10. Is there anything required to review files or obtain specific information on the loans in a given sale?

    Yes. Prospective purchasers must agree to the Confidentiality Agreement that is provided on the loan sale advisor’s website. To review the form of the Confidentiality Agreement, it can be obtained at the following link: Confidentiality Agreement (http://www.fdic.gov/buying/loan/confidentiality/confidentiality.pdf) (PDF file - 41 KB)

    Further, to protect borrower’s privacy, a $50,000 refundable security deposit and completed registration are required of prospective purchasers prior to access being given to loan files or data containing borrower identity-related information. The loan sale advisors may charge a fee for vetting prospective purchasers’ qualifications.

  11. Is a deposit required in order to bid?

    Yes. An Initial Deposit must be received on one of the two business days prior to the bid deadline. Only one Initial Deposit is required from each bidder regardless of the number of bids submitted. Bidders must make the Initial Deposit by wire transfer. Initial Deposit is defined in the Bid Instructions for a given sale.

  12. What is required to bid on a sale?

    The Bid Instructions for a specific loan sale will define all requirements to bid on a given pool of loans. This includes submitting an Initial Deposit and executing certain documents, such as the Bid Certification and the Purchaser Eligibility Certification. These documents can be found on the loan sale advisor’s website. Once all requirements are met, the bidder will be given online access to bid.

  13. Where can I find the terms and conditions of the sale?

    The Loan Sale Agreement provides the terms and conditions of the sale. The Loan Sale Agreement will be available on the website of the loan sale advisor responsible for the sale. To review the form of the Loan Sale Agreement, it can be obtained at the following link: Loan Sale Agreement (http://www.fdic.gov/buying/loan/loansales/loan_sale_agreement.pdf) (PDF file - 265 KB)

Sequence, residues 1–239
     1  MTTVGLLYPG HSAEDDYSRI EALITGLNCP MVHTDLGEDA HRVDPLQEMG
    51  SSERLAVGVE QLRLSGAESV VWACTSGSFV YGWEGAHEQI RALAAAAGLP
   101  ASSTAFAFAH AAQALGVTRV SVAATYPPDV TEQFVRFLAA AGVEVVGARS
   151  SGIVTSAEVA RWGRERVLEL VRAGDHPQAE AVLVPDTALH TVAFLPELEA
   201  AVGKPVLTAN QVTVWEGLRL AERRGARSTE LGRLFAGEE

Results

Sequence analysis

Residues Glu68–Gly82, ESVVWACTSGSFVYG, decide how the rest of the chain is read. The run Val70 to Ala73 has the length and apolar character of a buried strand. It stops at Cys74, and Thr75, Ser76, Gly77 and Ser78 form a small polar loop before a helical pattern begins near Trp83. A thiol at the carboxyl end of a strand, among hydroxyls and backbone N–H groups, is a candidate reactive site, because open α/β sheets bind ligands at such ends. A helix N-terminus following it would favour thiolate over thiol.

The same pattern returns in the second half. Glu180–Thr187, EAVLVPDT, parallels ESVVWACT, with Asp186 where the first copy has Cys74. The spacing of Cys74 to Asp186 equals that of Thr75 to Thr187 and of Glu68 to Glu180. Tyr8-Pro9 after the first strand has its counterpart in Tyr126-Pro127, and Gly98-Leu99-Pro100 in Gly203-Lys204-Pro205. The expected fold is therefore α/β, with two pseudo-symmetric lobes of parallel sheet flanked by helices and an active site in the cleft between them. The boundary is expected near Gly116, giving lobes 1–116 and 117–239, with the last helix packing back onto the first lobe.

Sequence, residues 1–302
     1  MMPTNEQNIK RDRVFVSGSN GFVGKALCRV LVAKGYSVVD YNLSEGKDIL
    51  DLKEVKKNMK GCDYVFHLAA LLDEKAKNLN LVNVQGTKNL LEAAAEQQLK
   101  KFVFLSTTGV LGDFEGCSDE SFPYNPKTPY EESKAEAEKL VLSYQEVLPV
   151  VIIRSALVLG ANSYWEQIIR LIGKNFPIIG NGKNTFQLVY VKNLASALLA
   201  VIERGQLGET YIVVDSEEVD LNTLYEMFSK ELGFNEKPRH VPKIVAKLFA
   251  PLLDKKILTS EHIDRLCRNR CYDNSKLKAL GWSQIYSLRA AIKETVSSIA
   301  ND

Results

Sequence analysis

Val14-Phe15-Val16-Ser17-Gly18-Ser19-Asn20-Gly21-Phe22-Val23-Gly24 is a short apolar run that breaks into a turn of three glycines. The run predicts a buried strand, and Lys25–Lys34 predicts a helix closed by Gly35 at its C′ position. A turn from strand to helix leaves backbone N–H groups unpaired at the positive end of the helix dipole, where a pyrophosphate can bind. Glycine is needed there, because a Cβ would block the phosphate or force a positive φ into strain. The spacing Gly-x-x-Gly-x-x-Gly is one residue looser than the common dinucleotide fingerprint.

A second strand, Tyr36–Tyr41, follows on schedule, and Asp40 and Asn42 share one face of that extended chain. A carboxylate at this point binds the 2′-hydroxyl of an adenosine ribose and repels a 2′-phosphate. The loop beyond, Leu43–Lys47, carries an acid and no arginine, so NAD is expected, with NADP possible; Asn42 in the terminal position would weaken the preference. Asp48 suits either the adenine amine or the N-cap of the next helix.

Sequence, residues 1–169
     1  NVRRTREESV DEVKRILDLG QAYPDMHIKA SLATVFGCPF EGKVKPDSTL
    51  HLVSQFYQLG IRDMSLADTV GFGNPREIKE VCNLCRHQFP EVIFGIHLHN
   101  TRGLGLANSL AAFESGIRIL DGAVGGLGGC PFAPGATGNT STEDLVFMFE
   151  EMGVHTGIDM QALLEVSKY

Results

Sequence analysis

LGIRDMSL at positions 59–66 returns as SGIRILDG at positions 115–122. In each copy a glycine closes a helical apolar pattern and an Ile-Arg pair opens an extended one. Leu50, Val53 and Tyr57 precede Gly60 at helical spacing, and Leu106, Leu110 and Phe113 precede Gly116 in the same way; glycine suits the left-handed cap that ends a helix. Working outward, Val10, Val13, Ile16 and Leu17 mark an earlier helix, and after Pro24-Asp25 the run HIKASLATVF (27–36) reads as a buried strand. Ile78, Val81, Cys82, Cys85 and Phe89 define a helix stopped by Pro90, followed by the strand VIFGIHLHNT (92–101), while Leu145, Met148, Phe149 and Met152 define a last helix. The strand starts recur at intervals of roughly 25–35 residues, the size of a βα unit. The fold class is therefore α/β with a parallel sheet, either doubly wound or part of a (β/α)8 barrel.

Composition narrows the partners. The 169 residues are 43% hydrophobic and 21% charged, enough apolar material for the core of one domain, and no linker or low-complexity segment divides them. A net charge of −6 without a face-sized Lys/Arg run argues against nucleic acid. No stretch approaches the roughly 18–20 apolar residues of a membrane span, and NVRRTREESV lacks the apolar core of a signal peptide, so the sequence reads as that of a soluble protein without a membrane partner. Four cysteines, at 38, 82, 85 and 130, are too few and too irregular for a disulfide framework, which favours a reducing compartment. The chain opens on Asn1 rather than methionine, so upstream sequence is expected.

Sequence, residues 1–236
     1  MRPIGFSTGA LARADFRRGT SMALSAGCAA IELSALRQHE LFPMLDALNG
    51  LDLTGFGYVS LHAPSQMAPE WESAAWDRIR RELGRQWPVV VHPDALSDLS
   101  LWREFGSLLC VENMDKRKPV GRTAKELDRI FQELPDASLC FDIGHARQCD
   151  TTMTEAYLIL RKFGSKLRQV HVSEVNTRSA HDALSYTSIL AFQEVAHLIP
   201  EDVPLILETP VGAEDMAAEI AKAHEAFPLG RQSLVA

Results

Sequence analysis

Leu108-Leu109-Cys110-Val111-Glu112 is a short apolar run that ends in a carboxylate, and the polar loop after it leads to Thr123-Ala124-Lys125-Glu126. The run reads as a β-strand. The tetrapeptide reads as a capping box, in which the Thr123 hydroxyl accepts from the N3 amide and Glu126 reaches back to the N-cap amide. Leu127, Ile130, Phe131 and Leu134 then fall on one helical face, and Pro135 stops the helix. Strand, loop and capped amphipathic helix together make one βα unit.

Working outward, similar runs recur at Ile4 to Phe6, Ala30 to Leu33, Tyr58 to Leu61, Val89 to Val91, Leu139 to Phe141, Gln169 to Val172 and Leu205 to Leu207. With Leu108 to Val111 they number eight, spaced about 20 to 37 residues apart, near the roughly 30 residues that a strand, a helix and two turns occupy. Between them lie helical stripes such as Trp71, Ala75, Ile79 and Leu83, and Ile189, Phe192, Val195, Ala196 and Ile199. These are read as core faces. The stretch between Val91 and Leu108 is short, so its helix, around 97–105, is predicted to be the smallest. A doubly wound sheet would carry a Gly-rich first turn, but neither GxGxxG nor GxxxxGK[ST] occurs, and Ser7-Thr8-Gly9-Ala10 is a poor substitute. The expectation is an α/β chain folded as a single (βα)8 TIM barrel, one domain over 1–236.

Please refer to the specific Loan Sale Agreement for each respective sale is it is subject to change.

  14. Once a sale is awarded, how long before it is closed?

    The period of time varies, but FDIC sales are usually consummated within 20 business days after a bid is awarded. Bid package documents (i.e., Invitation to Bid, Loan Sale Agreement) should be reviewed to determine if there are specified closing dates.

  15. Is an earnest money deposit required by the winning bidder?

    Yes. The Earnest Money Deposit is comprised of the Initial Deposit and a Final Deposit. The Final Deposit equals 10% of the sum of all bid amounts for loan pools and loan pool combinations awarded the winning bidder less the amount of the bidders Initial Deposit. The Final Deposit must be submitted via wire transfer within one business day following bid award.

  16. What will the successful bidder obtain at closing?

    The successful bidder will receive the executed Bill of Sale, Closing Statement, Assignment and Assumption of Interests and Obligations, and Loan Sale Agreement at closing. All pertinent, available documentation for the loans such as the notes, collateral documents and loan files will be delivered to buyer within a reasonable time after closing.

  17. How are sales consummated?

    Closing shall occur on the closing date either by mail or conducted in person at a place designated by seller, at seller’s option. Upon receipt of the balance of the purchase price, the executed closing documents will be sent to the buyer.

  18. Where do I find historical loan sale results?

    Loan sale results are updated monthly and can be found on FDIC’s website at FDIC Closed Loan Sales. (http://www2.fdic.gov/closedsales/loansales.asp)